Marumiyan / Chris Ofili

February 20, 2011 at 3:49 pm | Posted in research | Leave a comment

LIZ Thanks for posting more info about the Mandalas.

Marumiyan‘s use of collage and mixed media creates a connective imagery. He also explores cultures through symbolism. The second one reminds me of the posters for this years grammy’s that were all over the city, Marumiyan’s work is different because it links the single personality to universal / cultural motifs. The grammy posters were all about the individual’s journey. My understanding of Mandala’s is that there are two paths, the internal and the external. It can be an individual expression, with the individual as the central point from which everything else is an extension, Or it can be about the external, the whole, and how everything works together. Both of these are always present, but I think in each Mandala the focus is tilted in one direction or the other.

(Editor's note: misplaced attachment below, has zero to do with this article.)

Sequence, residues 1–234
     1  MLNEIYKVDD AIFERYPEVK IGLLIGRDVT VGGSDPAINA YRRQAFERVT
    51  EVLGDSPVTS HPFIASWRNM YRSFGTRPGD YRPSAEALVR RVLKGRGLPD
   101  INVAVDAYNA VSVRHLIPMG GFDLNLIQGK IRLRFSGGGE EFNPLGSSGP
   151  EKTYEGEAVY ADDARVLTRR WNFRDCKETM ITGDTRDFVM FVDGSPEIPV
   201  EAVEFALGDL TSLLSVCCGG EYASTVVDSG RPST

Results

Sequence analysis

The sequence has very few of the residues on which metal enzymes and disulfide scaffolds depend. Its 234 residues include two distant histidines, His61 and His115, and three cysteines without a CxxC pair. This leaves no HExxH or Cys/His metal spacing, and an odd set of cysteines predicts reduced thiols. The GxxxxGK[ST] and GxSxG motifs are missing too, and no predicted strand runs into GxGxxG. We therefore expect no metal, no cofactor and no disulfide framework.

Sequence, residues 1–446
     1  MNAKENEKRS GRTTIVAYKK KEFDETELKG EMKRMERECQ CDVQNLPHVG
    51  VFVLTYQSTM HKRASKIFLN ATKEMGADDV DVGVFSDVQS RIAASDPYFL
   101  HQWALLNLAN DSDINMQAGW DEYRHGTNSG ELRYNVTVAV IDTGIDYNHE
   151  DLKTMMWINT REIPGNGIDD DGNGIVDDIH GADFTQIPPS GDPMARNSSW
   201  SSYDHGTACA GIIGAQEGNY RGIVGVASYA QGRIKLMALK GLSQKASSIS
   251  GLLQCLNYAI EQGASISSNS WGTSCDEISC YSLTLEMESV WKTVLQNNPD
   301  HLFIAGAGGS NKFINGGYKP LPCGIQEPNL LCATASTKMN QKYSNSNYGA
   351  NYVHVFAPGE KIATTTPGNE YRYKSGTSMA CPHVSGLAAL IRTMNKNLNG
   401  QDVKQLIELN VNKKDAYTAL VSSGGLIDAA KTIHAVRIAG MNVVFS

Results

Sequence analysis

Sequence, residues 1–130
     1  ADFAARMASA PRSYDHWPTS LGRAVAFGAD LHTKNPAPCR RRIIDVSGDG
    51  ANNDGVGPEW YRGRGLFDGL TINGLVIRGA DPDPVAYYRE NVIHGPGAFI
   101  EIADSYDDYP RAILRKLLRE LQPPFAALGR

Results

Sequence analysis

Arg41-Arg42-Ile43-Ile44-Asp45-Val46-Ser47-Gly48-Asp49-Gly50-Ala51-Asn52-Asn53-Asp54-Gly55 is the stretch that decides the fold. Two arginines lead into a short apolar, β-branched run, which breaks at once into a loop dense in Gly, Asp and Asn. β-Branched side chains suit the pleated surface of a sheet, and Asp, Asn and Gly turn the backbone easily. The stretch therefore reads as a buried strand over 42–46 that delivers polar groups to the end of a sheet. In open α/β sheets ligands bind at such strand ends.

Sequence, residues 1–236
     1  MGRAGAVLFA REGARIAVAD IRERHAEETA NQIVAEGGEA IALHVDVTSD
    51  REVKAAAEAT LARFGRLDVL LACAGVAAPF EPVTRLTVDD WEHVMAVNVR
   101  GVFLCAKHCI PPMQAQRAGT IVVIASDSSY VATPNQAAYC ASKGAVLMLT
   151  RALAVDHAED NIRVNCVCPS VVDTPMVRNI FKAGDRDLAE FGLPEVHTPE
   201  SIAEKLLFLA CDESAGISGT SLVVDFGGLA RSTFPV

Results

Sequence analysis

Marumiyan reminded me of Chris Ofilis No Woman No Cry painting in the Tate London.

When shown under a black light, the words RIP Stephen Lawrence 1974-1998 can be seen. Stephen Lawrence was a British Black teenager who was murdered and the guilty parties were never charged or punished. I can’t think of the word for it right now… but his name became the poster-child for continuing racial prejudice in London. (A similar story was the impetus behind the 2001 Cincinnati Riots – an unarmed black 19 year old man was killed by the police, the 15th such shooting of a black male under 40 in a month). The individual experience of a mother losing her son is linked with the symbolism the name Stephen Lawrence brings up. The painting is online in the google galleries so you can zoom in and see the rich texture created by using mixed media!

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